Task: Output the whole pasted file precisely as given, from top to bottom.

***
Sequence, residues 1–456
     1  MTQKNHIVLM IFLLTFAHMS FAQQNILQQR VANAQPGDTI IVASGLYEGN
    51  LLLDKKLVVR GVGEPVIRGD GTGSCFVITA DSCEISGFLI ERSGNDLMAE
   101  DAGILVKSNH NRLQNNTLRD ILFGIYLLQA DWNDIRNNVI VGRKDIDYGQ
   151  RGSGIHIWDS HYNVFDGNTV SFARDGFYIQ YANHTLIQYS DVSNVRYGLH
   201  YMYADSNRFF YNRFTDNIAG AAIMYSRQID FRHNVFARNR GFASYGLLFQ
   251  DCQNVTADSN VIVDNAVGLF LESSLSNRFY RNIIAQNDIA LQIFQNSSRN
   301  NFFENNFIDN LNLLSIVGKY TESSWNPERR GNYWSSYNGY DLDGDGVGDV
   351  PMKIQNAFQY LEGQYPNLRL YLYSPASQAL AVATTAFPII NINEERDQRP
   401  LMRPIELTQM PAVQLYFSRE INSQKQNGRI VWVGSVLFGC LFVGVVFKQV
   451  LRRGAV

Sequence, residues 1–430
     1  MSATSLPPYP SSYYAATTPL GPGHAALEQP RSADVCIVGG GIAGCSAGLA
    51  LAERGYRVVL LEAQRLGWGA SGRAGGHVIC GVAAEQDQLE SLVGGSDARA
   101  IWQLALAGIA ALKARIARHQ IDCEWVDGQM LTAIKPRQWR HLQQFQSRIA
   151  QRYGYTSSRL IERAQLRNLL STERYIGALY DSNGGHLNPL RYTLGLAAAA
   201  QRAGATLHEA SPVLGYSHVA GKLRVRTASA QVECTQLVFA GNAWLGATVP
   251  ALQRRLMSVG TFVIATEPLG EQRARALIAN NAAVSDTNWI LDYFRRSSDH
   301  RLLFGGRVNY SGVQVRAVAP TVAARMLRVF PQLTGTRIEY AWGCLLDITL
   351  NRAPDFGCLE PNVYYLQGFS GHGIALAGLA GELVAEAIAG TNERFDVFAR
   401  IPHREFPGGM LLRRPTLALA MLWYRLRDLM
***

Sequence, residues 1–456
     1  MTQKNHIVLM IFLLTFAHMS FAQQNILQQR VANAQPGDTI IVASGLYEGN
    51  LLLDKKLVVR GVGEPVIRGD GTGSCFVITA DSCEISGFLI ERSGNDLMAE
   101  DAGILVKSNH NRLQNNTLRD ILFGIYLLQA DWNDIRNNVI VGRKDIDYGQ
   151  RGSGIHIWDS HYNVFDGNTV SFARDGFYIQ YANHTLIQYS DVSNVRYGLH
   201  YMYADSNRFF YNRFTDNIAG AAIMYSRQID FRHNVFARNR GFASYGLLFQ
   251  DCQNVTADSN VIVDNAVGLF LESSLSNRFY RNIIAQNDIA LQIFQNSSRN
   301  NFFENNFIDN LNLLSIVGKY TESSWNPERR GNYWSSYNGY DLDGDGVGDV
   351  PMKIQNAFQY LEGQYPNLRL YLYSPASQAL AVATTAFPII NINEERDQRP
   401  LMRPIELTQM PAVQLYFSRE INSQKQNGRI VWVGSVLFGC LFVGVVFKQV
   451  LRRGAV

Sequence, residues 1–430
     1  MSATSLPPYP SSYYAATTPL GPGHAALEQP RSADVCIVGG GIAGCSAGLA
    51  LAERGYRVVL LEAQRLGWGA SGRAGGHVIC GVAAEQDQLE SLVGGSDARA
   101  IWQLALAGIA ALKARIARHQ IDCEWVDGQM LTAIKPRQWR HLQQFQSRIA
   151  QRYGYTSSRL IERAQLRNLL STERYIGALY DSNGGHLNPL RYTLGLAAAA
   201  QRAGATLHEA SPVLGYSHVA GKLRVRTASA QVECTQLVFA GNAWLGATVP
   251  ALQRRLMSVG TFVIATEPLG EQRARALIAN NAAVSDTNWI LDYFRRSSDH
   301  RLLFGGRVNY SGVQVRAVAP TVAARMLRVF PQLTGTRIEY AWGCLLDITL
   351  NRAPDFGCLE PNVYYLQGFS GHGIALAGLA GELVAEAIAG TNERFDVFAR
   401  IPHREFPGGM LLRRPTLALA MLWYRLRDLM